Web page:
|© Ellie Falaris Ganelin|
Some years ago a boy named Sean Dobbins joined the jazz band at Washtenaw Community College that was directed by Morris Lawrence. Lawrence took in kids of every level of ability and had developed a repertoire of original tunes that could be played by anyone on any instrument. A small group of us sat in a circle as Doc--the name Lawrence always went by--familiarized himself with the new crop.
He instinctively realized that the young drummer was the one true talent in the group. To get Dobbins to focus, he suddenly started singing the opening bars of Beethoven's Fifth Symphony--and asked the student to play what he was singing on the drums! Dobbins was understandably incredulous, but Doc patiently explained that it was all jazz--call and response, theme and development, and plenty of soul. He told him to go home and learn much of the first movement on the drum set. It was an amazing demonstration of pedagogical insight; some may find it eccentric, but it was a perfect example of Doc's marvelous way with kids and music. And it worked, because Dobbins stayed with the drums, grew up, and developed into one of the leaders of our jazz community.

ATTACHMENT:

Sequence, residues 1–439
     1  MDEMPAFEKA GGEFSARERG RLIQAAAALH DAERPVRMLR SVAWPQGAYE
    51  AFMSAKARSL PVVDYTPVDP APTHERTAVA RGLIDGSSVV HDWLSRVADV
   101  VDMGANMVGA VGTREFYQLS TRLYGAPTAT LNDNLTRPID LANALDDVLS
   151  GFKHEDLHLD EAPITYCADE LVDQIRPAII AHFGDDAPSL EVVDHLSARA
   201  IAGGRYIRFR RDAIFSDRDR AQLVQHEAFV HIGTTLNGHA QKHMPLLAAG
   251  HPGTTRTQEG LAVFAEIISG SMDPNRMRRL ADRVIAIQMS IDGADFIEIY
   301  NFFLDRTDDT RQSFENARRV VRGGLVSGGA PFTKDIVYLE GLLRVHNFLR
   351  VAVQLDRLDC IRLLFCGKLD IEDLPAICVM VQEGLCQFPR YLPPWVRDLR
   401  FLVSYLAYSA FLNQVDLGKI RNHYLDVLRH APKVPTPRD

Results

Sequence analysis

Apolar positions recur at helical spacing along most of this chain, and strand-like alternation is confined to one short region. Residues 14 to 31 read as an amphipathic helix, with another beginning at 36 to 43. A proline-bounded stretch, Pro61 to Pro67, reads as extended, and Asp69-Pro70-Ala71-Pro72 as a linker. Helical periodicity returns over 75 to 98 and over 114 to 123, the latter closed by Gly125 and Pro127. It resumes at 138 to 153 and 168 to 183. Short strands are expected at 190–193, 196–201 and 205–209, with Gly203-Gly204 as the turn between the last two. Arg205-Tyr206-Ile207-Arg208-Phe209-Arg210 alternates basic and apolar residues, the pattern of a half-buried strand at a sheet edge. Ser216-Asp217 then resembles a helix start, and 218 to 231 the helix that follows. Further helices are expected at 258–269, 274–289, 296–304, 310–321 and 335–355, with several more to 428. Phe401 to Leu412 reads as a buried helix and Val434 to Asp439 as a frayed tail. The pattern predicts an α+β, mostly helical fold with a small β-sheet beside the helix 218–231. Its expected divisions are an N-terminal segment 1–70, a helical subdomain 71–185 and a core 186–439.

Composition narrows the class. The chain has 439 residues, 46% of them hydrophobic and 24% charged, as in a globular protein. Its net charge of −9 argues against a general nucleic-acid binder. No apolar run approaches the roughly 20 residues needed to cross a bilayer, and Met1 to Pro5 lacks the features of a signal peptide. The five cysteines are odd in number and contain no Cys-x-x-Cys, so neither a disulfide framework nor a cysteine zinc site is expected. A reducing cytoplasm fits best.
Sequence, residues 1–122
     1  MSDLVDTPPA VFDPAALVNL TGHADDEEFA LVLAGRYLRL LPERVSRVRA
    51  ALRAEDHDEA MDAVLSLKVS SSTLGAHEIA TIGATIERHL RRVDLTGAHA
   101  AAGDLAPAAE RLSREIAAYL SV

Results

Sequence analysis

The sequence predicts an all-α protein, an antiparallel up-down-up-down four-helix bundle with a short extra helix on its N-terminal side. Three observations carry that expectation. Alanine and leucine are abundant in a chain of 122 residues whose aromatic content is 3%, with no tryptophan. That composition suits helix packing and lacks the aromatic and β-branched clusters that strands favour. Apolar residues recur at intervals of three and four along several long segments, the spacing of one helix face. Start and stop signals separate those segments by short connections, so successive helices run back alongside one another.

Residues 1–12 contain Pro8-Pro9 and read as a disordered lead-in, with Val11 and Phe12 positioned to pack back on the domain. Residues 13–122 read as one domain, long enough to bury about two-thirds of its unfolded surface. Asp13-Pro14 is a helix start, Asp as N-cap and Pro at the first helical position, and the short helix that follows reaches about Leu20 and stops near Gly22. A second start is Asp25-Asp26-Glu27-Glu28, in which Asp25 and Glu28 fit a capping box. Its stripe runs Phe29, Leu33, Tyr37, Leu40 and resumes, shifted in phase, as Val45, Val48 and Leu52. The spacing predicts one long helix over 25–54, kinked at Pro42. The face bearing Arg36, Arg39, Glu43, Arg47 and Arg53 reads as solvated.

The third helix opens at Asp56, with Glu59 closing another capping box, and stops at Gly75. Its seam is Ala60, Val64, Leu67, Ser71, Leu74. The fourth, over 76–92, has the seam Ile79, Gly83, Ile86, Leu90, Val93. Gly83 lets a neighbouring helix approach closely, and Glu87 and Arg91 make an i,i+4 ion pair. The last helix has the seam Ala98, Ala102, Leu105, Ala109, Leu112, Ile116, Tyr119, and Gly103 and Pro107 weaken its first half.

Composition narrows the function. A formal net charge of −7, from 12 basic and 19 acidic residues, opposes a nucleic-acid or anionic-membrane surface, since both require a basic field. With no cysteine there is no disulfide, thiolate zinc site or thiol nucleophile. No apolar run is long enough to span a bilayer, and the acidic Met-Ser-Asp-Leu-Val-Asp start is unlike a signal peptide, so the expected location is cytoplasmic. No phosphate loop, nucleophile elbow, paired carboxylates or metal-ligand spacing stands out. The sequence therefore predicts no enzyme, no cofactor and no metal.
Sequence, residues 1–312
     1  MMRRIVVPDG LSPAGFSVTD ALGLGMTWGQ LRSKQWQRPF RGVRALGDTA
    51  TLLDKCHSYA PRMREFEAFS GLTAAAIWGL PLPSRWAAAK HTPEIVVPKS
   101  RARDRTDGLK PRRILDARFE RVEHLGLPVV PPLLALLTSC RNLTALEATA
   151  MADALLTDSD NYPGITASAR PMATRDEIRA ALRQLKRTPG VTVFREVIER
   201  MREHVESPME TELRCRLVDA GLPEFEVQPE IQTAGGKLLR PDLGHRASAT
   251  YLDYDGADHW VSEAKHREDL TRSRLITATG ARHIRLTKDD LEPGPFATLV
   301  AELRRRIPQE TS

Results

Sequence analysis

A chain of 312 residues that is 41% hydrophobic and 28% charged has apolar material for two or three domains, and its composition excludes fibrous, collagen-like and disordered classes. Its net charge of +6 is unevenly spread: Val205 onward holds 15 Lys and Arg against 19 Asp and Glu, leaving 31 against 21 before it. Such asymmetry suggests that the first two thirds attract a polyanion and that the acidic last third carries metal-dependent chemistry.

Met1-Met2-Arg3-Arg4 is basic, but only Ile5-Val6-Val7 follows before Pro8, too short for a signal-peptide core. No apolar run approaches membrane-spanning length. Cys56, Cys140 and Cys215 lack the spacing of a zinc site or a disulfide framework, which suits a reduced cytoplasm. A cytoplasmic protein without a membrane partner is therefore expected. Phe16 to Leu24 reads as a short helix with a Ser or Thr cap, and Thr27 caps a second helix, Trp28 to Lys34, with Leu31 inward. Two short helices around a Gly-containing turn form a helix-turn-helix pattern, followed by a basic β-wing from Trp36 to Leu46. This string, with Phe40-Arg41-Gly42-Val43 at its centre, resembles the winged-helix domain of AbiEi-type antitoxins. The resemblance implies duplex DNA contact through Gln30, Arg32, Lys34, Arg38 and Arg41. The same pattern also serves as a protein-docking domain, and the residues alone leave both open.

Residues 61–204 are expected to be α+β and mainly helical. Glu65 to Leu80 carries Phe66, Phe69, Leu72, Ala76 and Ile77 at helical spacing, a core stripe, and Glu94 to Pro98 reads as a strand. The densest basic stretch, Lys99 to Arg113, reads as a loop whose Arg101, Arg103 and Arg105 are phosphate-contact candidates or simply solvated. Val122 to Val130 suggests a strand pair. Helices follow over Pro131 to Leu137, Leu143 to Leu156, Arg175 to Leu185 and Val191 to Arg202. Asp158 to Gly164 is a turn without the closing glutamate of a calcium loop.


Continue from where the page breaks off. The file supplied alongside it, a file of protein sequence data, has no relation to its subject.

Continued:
Dobbins developed his skills in the Ann Arbor school system, where he was fortunate enough to study and eventually perform with Louis Smith. Early on in his career he perfected highly developed technical skills, while also demonstrating a serious love of jazz history. One drummer he has always admired is Art Blakey, a pioneer of modern jazz who for decades led one of the greatest bands in the history of the music--the Jazz Messengers. When Dobbins leads a group, it often seems to continue the story of the Messengers, and he has often used that word in the names of his bands. But while his concept is inspired and informed by a study of the hard-driving modern jazz of Blakey's groups, he takes the music in new directions.
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